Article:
(CNN)-- There was no press conference, no television cameras, no reporters and it didn't even arrive when the sun was up.
Instead, Rick Santorum's endorsement of presumptive Republican presidential candidate Mitt Romney came in paragraph 13 in an email to supporters at approximately 11 p.m. Monday night.
– Follow the Ticker on Twitter: @PoliticalTicker
"We both agree that President Obama must be defeated. The task will not be easy. It will require all hands on deck if our nominee is to be victorious," Santorum wrote. "Governor Romney will be that nominee and he has my endorsement and support to win this the most critical election of our lifetime."
With that, Santorum became the latest former rival to back Romney and the latest former rival to do so in a lukewarm fashion. Former House Speaker Newt Gingrich offered a far from ringing endorsement of Romney during a press conference last week, during which he painted the frontrunner as a positive alternative to President Barack Obama.
Santorum said he waited to make an endorsement until he could meet with Romney in person. The two met privately Friday in Pittsburgh.
"I felt that it was completely impossible for me to even consider an endorsement until after a meeting to discuss issues critical to those of us who often feel our voices are not heard by the establishment: social conservatives, tea-party supporters, lower and middle income working families," Santorum wrote.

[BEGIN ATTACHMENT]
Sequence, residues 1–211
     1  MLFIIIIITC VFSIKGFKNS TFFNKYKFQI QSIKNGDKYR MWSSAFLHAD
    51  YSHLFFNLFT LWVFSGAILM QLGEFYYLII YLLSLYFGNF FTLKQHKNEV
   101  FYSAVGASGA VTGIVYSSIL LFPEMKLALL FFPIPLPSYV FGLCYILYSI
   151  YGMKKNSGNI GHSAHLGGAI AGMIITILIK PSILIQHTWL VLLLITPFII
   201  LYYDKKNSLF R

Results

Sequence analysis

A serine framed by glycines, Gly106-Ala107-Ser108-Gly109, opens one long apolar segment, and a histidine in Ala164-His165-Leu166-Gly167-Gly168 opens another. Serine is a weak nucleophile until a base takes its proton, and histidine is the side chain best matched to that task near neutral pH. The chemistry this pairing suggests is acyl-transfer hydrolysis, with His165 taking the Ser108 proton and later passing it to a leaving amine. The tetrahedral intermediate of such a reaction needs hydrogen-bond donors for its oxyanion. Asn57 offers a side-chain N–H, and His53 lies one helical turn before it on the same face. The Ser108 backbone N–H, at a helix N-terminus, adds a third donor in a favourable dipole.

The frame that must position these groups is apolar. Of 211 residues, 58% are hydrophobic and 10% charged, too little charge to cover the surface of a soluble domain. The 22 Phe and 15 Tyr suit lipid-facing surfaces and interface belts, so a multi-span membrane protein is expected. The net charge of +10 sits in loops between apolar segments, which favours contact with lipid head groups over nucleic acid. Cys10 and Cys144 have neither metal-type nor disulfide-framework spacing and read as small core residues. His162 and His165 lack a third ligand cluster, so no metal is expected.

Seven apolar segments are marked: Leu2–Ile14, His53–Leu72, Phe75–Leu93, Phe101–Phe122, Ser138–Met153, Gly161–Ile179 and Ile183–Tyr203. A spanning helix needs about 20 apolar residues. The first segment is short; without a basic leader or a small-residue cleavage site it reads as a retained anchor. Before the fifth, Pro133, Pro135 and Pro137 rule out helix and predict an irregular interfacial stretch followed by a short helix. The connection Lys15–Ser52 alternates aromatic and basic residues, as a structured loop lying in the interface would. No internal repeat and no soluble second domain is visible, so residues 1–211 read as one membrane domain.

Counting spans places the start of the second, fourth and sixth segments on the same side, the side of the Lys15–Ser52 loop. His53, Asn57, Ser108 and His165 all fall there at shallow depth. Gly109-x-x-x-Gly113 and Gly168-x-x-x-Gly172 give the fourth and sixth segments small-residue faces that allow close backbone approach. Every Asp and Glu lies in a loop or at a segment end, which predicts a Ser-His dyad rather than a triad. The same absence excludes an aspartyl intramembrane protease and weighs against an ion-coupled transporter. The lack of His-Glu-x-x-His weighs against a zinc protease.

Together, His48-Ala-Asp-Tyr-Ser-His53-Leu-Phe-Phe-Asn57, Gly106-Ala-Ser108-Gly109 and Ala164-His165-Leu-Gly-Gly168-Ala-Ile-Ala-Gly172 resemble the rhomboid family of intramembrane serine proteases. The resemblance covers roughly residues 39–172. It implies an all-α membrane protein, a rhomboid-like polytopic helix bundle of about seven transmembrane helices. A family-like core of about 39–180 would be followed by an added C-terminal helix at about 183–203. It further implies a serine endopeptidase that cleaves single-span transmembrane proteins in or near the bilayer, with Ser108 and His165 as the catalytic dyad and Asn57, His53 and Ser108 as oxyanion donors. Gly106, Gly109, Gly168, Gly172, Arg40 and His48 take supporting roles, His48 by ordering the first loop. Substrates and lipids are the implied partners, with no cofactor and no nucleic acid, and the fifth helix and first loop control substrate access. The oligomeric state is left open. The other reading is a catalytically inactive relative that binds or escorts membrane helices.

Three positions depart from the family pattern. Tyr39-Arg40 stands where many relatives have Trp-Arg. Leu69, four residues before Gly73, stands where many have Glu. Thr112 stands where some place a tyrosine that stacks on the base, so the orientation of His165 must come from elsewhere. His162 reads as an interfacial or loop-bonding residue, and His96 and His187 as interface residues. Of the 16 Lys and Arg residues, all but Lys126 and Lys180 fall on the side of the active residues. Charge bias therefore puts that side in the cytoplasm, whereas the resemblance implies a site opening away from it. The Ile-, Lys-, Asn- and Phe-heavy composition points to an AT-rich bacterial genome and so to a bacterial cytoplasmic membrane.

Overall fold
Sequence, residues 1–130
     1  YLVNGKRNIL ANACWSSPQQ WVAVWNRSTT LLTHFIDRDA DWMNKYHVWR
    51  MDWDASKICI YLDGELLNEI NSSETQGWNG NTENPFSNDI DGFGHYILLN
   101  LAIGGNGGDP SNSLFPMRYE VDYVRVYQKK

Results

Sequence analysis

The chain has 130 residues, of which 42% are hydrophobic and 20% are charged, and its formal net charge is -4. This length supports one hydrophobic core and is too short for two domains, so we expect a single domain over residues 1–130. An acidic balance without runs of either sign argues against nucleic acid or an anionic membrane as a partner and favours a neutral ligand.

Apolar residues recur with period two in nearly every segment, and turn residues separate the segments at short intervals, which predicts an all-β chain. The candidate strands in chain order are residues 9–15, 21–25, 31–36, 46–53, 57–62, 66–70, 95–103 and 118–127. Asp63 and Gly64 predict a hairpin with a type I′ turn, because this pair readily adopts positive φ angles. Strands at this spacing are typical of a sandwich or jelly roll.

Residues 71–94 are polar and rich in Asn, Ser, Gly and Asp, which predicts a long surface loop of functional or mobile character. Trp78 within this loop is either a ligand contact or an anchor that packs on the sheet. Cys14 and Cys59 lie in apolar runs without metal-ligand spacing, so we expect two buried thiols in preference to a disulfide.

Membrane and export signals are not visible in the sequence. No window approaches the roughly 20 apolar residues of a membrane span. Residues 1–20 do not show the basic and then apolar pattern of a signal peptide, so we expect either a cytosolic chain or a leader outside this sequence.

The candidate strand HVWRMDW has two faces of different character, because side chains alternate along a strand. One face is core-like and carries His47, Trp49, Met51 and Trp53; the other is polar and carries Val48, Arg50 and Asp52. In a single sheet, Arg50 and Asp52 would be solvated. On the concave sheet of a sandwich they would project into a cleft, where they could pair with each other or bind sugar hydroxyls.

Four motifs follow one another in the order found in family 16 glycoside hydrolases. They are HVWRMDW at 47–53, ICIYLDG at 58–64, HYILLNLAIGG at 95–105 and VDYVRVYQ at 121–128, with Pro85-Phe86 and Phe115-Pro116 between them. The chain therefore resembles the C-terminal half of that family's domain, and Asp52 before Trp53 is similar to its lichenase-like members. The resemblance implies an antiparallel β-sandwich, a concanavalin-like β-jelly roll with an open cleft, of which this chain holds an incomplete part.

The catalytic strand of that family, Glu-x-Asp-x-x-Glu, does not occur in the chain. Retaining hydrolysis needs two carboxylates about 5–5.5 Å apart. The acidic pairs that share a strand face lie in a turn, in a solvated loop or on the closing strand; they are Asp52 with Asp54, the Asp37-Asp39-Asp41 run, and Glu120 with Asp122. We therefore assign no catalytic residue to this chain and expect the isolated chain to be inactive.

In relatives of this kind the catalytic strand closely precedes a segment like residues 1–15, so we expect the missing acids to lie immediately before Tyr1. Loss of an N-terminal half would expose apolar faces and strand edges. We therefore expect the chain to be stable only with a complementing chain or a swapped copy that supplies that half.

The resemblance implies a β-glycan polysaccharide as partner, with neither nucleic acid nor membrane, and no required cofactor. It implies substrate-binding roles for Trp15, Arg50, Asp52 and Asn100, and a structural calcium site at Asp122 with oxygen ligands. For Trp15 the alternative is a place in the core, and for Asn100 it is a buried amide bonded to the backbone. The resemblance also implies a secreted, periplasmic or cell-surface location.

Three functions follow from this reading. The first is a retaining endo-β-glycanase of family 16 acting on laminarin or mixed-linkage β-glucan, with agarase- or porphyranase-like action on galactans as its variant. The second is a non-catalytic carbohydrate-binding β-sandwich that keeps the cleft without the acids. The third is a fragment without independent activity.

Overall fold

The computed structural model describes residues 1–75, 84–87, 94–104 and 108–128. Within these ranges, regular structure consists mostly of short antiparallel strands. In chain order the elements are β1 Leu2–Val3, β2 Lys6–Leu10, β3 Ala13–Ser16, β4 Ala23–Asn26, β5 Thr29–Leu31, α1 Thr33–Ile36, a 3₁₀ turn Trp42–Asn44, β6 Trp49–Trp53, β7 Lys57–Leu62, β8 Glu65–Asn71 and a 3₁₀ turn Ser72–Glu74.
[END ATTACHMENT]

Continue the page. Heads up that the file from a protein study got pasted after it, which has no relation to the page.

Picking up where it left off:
However, he did not say whether he planned to join Romney on the stump before the November election.
Santorum enjoyed support from more conservative voting blocs as well as members those supportive of the grassroots tea party movement during the primary campaign, which helped him place first in 11 early contest states. In Monday's letter, Santorum said he encouraged Romney to "add more conservative leaders as an integral part of his team."
The former Pennsylvania senator said the contentious 2012 campaign proved he and the former Massachusetts governor "have some differences," but also areas in which they agree, including over the need for smaller government, opposition to abortion and the belief that marriage should be between one man and one woman.
One of the biggest gripes Santorum had on the campaign trail with Romney was the health care law he passed while governor of Massachusetts, but in Monday's note Santorum said he no longer doubts Romney's opposition to the current national health care law.
"While I had concerns about Governor Romney making a case as a candidate about fighting against Obamacare, I have no doubt if elected he will work with a Republican Congress to repeal it and replace it with a bottom up, patient, not government, driven system," Santorum wrote.
Romney expressed "sincere gratitude" for Santorum's endorsement and said his "commitment to conservatism energized millions of Republicans around the country," in a statement released Tuesday.
"Senator Santorum and I share an absolute commitment to that goal, just as we share an absolute commitment to reversing the failing policies of the Obama Administration, from its assault on freedom of conscience to its feckless foreign policy," Romney said.